Minerals connect the pre-natal with the post-natal. Pre-natal essence is, at a material level, the amount and quality of nutrition (along with genetic and epigenetic information) that a mother is able to give to her child in the womb. Eating a diet high in these necessary minerals helps the baby to build strong bones, a wide jaw, and other signs of good pre-natal nutrition. This ties into the link between the Kidney system and pre-natal essence, as the Kidneys are responsible for storing this essence.
These minerals, being carried in the physical blood, also represent certain qualities of Blood in Chinese Medicine. The connection to Blood is seen in the signs of Liver Wind that occur when these minerals are out of balance: cramping, tremors, spasms, arrhythmias, and even seizures. This Wind can affect the digestive system, producing diarrhea, constipation, nausea, or vomiting; it can also affect the mind, producing confusion and delirium. This illustrates the relationship between the Kidney and Blood; as Water nourishes Wood in the generating cycle of the five phase-elements, Kidney essence contributes to the formation of Blood.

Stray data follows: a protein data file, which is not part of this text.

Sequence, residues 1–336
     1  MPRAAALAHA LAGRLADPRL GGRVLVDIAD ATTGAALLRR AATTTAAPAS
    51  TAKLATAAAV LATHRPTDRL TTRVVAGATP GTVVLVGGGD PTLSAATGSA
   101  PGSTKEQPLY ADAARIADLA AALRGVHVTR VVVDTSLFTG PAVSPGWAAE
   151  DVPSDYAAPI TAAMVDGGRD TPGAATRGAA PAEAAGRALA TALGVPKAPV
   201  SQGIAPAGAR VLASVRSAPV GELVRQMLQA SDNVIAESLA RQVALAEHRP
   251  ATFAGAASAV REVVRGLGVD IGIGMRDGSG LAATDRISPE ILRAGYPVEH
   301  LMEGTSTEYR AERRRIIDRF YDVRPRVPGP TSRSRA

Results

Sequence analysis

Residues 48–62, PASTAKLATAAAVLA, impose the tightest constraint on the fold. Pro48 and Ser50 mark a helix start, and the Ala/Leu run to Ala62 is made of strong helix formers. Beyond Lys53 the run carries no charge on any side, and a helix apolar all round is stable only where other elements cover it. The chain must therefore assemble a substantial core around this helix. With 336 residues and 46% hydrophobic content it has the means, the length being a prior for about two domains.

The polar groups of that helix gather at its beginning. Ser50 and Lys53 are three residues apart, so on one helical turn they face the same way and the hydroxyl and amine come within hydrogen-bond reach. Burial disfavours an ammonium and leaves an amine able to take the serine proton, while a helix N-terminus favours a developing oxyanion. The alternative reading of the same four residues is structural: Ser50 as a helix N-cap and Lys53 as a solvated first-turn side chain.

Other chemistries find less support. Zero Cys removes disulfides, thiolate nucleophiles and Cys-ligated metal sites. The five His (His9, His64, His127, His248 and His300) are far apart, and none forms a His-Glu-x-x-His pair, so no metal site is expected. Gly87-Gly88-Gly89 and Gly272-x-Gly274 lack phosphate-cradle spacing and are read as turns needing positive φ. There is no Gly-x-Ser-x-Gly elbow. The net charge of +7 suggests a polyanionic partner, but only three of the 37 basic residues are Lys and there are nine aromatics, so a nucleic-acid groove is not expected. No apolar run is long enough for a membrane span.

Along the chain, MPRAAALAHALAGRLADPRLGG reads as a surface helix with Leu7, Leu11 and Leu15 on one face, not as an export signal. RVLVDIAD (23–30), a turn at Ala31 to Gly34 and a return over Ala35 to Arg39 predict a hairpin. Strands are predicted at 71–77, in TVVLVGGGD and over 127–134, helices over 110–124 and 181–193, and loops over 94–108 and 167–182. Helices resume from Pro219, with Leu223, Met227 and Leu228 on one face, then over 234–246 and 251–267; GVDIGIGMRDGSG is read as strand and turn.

It is interesting to note that an excess of minerals in the blood typically results from kidney failure (though for sodium levels kidney failure more often leads to hyponatremia, not hypernatremia). This is analogous to Kidney qi and yang deficiency leading to water flooding upwards, with symptoms such as increased urination, diarrhea, lethargy, confusion, heart arrhythmias and palpitations, low blood pressure, and generalized muscle weakness or paralysis. This picture highlights the connection between the Water and Fire phases.
There are also some connections to the function of the Spleen. For example, calcium and magnesium are required for insulin production, and calcium is required for proper blood clotting, which keeps the blood in the vessels (a Spleen function). As a component of ATP phosphorus is necessary for energy production and metabolism, a major element of Spleen function. Potassium is also involved in energy generation as it is a required cofactor for pyruvate kinase, a key enzyme in carbohydrate metabolism.